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Microsoft researcher wins Turing Award

Chuck Thacker, who helped pioneer key aspects of the PC, gets an honor seen as the Nobel Prize of computing. In an interview, he talks about the award, his work, and why he's not retiring anytime soon.

Computing industry pioneer Chuck Thacker was honored Tuesday with the industry's highest prize--the A. M. Turing Award.

Thacker, who these days works in Microsoft's Silicon Valley research lab, helped create personal computing at Xerox's famed Palo Alto Research Center and is one of the co-creators of both the Alto personal computer and Ethernet networking.

Thacker Microsoft

In an interview Tuesday, Thacker said he was surprised that he would even be considered for the Turing Award, which typically goes to folks on the software or theory side of things.

"I was flabbergasted," Thacker said. "The last one who was given the award whose primary technology focus was in the technology machinery was in 1967."

At Microsoft, Thacker helped set up the company's lab in Cambridge and has worked on projects ranging from the early prototypes of the tablet PC to his most recent project, a programmable $750 computer that university students can use to design their own systems. Typically students can write papers on a new computing architecture or write a new operating system that works on existing architecture. Thacker's latest project, known as the Beehive, lets students design a system using a computer that can essentially be reprogrammed.

"if you teach architecture these days," he said, "you learn about these very complex things but you never get to build these things."

Thacker said a corollary project in networking done by a Stanford professor has become a standard in the teaching of that subject. He hopes that Beehive might have similar success. In January, Microsoft helped teach a class at MIT using Thacker's project.

As for the tablet PC, Thacker said that there are some people who love tablets, such as university professors who want to write on their presentation slides or doctors who hate to type. But he acknowledged that handwriting recognition hasn't advanced enough to make it useful for all, particularly given the fact that good penmanship is not widely focused on in school these days.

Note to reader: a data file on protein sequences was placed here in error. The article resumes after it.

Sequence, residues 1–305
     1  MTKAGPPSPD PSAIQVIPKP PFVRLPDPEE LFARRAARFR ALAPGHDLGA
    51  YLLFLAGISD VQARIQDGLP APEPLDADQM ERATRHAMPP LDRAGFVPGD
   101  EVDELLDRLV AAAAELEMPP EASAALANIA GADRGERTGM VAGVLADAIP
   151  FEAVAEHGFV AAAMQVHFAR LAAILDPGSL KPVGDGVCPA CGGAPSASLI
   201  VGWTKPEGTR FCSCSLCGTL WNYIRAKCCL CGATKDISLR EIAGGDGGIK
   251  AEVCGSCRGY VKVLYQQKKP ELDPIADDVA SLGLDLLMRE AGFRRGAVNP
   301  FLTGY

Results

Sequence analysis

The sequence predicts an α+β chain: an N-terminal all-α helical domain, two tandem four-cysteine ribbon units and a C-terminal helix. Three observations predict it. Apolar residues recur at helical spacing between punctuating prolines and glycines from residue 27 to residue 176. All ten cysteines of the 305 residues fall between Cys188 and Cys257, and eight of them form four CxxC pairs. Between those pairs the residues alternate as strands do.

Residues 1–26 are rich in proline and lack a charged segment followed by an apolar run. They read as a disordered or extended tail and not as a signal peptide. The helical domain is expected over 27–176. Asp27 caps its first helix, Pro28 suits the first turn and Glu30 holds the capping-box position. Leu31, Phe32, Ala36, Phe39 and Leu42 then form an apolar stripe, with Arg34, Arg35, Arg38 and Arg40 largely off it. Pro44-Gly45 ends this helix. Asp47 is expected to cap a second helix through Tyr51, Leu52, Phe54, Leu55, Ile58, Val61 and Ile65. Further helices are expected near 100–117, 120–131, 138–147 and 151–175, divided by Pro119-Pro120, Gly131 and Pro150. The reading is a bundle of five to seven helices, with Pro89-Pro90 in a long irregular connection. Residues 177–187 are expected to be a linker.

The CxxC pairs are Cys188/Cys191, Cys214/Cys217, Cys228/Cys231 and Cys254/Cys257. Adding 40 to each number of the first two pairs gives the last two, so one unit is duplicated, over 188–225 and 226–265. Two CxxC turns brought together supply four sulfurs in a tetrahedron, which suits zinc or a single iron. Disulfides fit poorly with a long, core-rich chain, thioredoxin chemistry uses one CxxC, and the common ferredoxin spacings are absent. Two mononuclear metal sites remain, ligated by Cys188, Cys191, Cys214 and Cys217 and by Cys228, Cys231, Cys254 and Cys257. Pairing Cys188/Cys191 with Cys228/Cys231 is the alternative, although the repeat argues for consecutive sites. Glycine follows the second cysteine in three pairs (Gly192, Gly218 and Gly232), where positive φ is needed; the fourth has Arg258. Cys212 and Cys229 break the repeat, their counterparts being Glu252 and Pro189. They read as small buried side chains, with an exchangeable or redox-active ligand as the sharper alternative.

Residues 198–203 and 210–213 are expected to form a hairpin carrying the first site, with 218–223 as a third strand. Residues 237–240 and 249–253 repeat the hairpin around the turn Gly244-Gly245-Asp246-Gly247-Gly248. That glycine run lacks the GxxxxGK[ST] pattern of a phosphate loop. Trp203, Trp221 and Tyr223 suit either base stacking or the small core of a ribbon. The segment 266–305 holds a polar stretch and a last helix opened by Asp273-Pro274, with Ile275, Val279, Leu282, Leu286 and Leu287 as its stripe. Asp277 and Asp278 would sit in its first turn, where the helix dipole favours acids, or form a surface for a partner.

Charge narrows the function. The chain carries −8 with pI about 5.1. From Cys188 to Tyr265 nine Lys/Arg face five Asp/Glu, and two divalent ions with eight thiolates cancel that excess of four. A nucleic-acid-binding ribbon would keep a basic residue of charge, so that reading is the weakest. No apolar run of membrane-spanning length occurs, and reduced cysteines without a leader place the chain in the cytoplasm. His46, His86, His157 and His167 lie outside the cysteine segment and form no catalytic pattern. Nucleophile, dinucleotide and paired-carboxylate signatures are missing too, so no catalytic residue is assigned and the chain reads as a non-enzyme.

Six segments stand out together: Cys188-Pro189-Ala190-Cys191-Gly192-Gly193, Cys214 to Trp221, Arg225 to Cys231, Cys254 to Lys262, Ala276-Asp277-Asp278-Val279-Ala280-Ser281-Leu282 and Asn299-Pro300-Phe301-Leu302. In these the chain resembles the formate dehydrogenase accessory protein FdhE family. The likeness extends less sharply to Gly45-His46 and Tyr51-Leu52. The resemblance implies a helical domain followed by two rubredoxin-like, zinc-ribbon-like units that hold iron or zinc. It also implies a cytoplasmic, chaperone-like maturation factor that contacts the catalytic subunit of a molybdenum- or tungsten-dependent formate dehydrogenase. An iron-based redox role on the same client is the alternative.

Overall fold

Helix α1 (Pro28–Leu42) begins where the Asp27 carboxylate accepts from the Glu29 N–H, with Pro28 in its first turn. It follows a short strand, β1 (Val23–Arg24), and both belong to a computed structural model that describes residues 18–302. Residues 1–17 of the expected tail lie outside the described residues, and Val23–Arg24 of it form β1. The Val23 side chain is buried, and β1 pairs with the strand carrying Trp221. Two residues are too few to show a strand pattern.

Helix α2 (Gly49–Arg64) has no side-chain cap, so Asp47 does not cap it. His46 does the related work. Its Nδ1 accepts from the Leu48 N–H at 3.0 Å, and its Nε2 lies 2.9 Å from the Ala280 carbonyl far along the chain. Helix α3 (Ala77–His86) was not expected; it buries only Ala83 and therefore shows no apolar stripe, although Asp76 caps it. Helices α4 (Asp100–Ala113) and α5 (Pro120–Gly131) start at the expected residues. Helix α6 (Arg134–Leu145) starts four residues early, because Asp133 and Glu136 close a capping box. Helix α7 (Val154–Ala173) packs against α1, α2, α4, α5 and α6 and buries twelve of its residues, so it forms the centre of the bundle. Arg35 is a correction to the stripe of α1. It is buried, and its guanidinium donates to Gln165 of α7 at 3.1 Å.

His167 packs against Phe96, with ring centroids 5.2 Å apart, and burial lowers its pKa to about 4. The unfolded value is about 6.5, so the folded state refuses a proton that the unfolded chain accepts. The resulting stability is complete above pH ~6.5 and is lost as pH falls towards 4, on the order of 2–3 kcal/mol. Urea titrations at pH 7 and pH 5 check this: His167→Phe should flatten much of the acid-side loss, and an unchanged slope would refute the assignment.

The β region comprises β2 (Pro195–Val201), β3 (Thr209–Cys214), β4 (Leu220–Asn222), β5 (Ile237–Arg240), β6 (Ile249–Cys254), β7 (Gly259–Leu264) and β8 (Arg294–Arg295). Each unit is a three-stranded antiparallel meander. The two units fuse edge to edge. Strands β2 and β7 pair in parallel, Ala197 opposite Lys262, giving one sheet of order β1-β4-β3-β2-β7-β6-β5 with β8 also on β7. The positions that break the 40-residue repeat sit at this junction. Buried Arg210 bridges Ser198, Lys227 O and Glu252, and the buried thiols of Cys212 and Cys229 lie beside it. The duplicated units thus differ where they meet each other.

"I think that the tablet has been a qualified success since we did the early prototypes in the late 1990s," he said.

I asked Thacker what it would feel like to have done so much work on the tablet at Microsoft only to see a company like Apple have the first commercial hit. Thacker said that he hasn't yet seen the Apple iPad, but added, "A lot of the things I've done in my career were commercialized by others."

Indeed, Thacker said his biggest impact on the company is from the work he did at Xerox PARC.

"They were in years long before Microsoft existed," he said.

As for what's next, Thacker said he isn't sure.

"I tend to operating in an opportunistic mode and attack problems as they appear," he said. "Right now, no such problem has appeared."

But retirement isn't one of the things under consideration.

"It's hard to imagine retiring," he said. "I think my wife would be very unhappy if I did."

Thacker was nominated by Microsoft Research colleague Butler Lampson, himself a Turing Award winner. The award, given by the Association for Computing Machinery, is often described at the Nobel Prize for computing. Thacker is the fourth person from the company to have won the award, joining Lampson, 1980 honoree Tony Hoare and 1998 winner Jim Gray, who went missing on a sailing trip in 2007 and is now presumed to have died.

Thacker said he was honored by the award, but even more honored to have created a body of work that would make someone think of giving him such a prize.

"I'm glad that I've been able to have a significantly large impact on the technology that the world uses that the ACM would choose to give me the award," he said.

For its part, Microsoft posted a lengthy article on its Web site with a video tribute to Thacker.